Gene Lang has written an interesting article with some important insights. While reading it, however, there were at least two places where I found myself wanting to comment.
I agree with Lang that a Liberal majority government would reengage the public service in policy-making, but I think officials’ role would be very different than it was in the past. I don’t think Lang does justice to this.
Traditional policy-making was based on a bilateral partnership between politicians and the public service, where officials could fairly claim the expertise needed to provide ministers with sound advice on the options. Today, things are different. Issues around, say, security, climate change, population health or food production are nested in ever-expanding networks of rules and organizations — often from different policy fields — that interact with one another in complex and often surprising ways. The range of policy issues and options multiplies along with the connections.
By way of an example, figure 1 shows how the food system now encompasses a very diverse collection of issues, as products move through the supply chain from producer to consumer. Only a few decades ago, most of these issues were barely discussed by policy-makers or consumers, yet today effective management of the supply chain must include all of them.
Figure 1 provides a striking illustration of how multifaceted food production has become. A similar story could be told about many other topic areas. The lesson for policy-makers is that many issues are now too big and too interconnected to be researched in-house. Increasingly, solutions to big issues will require input from a wide range of stakeholders and citizens, who can bring their expertise and “lived experience” to bear on the issues.
The old bilateral “partnership” thus must give way to a three-way relationship, in which different cross-sections of the public participate regularly in policy-making, along with public servants and politicians. The traditional private discussions will become increasingly open and collaborative.
This is a very different picture of policy-making from the one Lang sketches. In this new environment, process and engagement skills are at least as important to officials as policy expertise. Lang never even mentions this. It is noteworthy that his analysis focuses mainly on finance and foreign affairs, two areas that still permit lots of top-down decision-making, precisely because they don’t require high levels of stakeholder support to make the decisions stick. Basically, policy can still be made in-house.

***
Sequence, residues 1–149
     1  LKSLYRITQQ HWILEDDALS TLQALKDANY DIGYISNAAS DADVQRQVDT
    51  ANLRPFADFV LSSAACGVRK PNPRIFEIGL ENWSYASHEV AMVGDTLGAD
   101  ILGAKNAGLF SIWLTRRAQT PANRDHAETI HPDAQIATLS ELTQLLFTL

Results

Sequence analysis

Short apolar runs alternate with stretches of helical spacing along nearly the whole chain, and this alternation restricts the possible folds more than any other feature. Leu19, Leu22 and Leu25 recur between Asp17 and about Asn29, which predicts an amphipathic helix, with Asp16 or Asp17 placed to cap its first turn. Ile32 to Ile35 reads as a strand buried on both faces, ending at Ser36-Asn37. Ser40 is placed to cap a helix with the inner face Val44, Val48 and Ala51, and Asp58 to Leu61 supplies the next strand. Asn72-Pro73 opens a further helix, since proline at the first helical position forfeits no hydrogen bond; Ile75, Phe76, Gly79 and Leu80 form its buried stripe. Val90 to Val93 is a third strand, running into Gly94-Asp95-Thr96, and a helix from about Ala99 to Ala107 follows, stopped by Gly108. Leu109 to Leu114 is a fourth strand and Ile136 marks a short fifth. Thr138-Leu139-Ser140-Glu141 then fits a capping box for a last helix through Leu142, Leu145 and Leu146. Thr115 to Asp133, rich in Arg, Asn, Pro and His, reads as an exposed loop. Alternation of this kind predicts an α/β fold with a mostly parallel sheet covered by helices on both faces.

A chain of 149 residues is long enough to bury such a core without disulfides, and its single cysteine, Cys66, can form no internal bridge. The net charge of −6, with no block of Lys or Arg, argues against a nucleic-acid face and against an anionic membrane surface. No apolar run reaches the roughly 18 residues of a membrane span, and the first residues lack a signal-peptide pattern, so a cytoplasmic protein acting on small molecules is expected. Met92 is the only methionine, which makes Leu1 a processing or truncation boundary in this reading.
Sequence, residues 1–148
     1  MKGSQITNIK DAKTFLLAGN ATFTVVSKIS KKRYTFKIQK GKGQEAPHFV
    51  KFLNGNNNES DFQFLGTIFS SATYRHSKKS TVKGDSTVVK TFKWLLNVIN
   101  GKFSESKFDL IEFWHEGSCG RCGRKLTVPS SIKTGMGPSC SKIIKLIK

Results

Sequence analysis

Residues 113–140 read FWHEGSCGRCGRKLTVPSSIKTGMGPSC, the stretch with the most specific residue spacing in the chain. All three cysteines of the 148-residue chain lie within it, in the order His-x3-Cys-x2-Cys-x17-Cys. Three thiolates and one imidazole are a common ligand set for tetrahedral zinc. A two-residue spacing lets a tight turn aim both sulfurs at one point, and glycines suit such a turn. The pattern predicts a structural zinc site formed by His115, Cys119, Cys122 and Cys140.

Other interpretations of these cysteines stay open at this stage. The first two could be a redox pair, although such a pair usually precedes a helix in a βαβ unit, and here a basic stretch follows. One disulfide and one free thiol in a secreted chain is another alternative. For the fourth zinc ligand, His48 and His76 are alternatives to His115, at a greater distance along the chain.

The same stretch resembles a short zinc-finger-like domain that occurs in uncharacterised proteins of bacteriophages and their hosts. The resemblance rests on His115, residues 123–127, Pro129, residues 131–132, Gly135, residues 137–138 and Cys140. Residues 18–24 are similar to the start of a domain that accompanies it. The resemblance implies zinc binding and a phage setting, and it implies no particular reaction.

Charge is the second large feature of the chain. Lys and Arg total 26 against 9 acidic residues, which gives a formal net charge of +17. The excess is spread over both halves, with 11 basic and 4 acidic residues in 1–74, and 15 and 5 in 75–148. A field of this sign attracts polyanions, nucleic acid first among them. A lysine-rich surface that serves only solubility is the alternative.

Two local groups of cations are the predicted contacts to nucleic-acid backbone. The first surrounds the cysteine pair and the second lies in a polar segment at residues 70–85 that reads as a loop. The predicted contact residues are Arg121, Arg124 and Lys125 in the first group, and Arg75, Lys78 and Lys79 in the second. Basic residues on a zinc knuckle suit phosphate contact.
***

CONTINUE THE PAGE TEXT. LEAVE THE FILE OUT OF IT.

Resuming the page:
Lang may be right that we can expect a resurgence of traditional policy-making in these areas — I would add defence to the list — but such fields are increasingly the exception, rather than the rule. In a wide range of other policy areas a reengaged public service will need very different skills and will conduct their business very differently from the public service of the past.
Should Conservatives win a plurality of seats, Lang argues, Stephen Harper will continue to govern because the Liberals and the NDP will “have neither the guts nor the election war chests to defeat them quickly and force another election,” so we can expect “at least a year or two of running room for a [Conservative] agenda based on continuity.”
I find this comment baffling. Lang simply ignores the possibility that, before bringing down the government, Liberals and the NDP might agree to cooperate in ways that will avoid another election. In my view, this is the most likely outcome. Progressives are hugely disenchanted with the Harper government, and I believe both parties will feel great pressure from their supporters to bring down the Conservative government rather than allow Harper to govern.
Don Lenihan is a senior associate with Canada 2020.
Image: Leveraging Trade Agreements to Succeed in Global Markets, by John M. Weekes and Al Mussell. Canadian Agri-Food Policy Institute, 2014.
http://www.capi-icpa.ca/trade/CAPI_TradeAgreements_ENG_Sept2014.pdf (image embedded)